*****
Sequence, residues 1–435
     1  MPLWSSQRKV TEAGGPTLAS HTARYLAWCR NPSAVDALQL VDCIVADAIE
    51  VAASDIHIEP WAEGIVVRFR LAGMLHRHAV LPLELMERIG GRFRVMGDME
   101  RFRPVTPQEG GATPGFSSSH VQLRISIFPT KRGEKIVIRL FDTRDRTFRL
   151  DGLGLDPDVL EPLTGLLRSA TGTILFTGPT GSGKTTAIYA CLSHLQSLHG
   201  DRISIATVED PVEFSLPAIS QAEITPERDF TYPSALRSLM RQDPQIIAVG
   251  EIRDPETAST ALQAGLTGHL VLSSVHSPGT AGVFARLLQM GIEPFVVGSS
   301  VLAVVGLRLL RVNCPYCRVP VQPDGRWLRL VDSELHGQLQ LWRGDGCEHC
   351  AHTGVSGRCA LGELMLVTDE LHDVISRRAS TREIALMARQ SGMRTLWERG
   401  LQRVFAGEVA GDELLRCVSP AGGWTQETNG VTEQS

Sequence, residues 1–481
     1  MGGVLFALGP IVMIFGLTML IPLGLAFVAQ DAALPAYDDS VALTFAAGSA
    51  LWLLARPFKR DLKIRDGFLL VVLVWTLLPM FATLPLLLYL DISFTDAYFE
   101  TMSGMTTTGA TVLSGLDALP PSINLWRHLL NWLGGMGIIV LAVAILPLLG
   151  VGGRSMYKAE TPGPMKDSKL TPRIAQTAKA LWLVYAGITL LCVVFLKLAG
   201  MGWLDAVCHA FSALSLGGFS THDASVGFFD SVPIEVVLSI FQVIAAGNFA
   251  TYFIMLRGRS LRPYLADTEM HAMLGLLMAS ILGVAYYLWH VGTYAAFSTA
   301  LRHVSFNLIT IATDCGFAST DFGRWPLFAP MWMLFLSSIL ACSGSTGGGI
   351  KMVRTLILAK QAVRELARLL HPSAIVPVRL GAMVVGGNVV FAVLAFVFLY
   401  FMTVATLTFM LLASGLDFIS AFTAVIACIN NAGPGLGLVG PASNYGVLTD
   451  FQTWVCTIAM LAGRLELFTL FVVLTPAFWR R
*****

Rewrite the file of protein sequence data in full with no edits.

Sequence, residues 1–435
     1  MPLWSSQRKV TEAGGPTLAS HTARYLAWCR NPSAVDALQL VDCIVADAIE
    51  VAASDIHIEP WAEGIVVRFR LAGMLHRHAV LPLELMERIG GRFRVMGDME
   101  RFRPVTPQEG GATPGFSSSH VQLRISIFPT KRGEKIVIRL FDTRDRTFRL
   151  DGLGLDPDVL EPLTGLLRSA TGTILFTGPT GSGKTTAIYA CLSHLQSLHG
   201  DRISIATVED PVEFSLPAIS QAEITPERDF TYPSALRSLM RQDPQIIAVG
   251  EIRDPETAST ALQAGLTGHL VLSSVHSPGT AGVFARLLQM GIEPFVVGSS
   301  VLAVVGLRLL RVNCPYCRVP VQPDGRWLRL VDSELHGQLQ LWRGDGCEHC
   351  AHTGVSGRCA LGELMLVTDE LHDVISRRAS TREIALMARQ SGMRTLWERG
   401  LQRVFAGEVA GDELLRCVSP AGGWTQETNG VTEQS

Sequence, residues 1–481
     1  MGGVLFALGP IVMIFGLTML IPLGLAFVAQ DAALPAYDDS VALTFAAGSA
    51  LWLLARPFKR DLKIRDGFLL VVLVWTLLPM FATLPLLLYL DISFTDAYFE
   101  TMSGMTTTGA TVLSGLDALP PSINLWRHLL NWLGGMGIIV LAVAILPLLG
   151  VGGRSMYKAE TPGPMKDSKL TPRIAQTAKA LWLVYAGITL LCVVFLKLAG
   201  MGWLDAVCHA FSALSLGGFS THDASVGFFD SVPIEVVLSI FQVIAAGNFA
   251  TYFIMLRGRS LRPYLADTEM HAMLGLLMAS ILGVAYYLWH VGTYAAFSTA
   301  LRHVSFNLIT IATDCGFAST DFGRWPLFAP MWMLFLSSIL ACSGSTGGGI
   351  KMVRTLILAK QAVRELARLL HPSAIVPVRL GAMVVGGNVV FAVLAFVFLY
   401  FMTVATLTFM LLASGLDFIS AFTAVIACIN NAGPGLGLVG PASNYGVLTD
   451  FQTWVCTIAM LAGRLELFTL FVVLTPAFWR R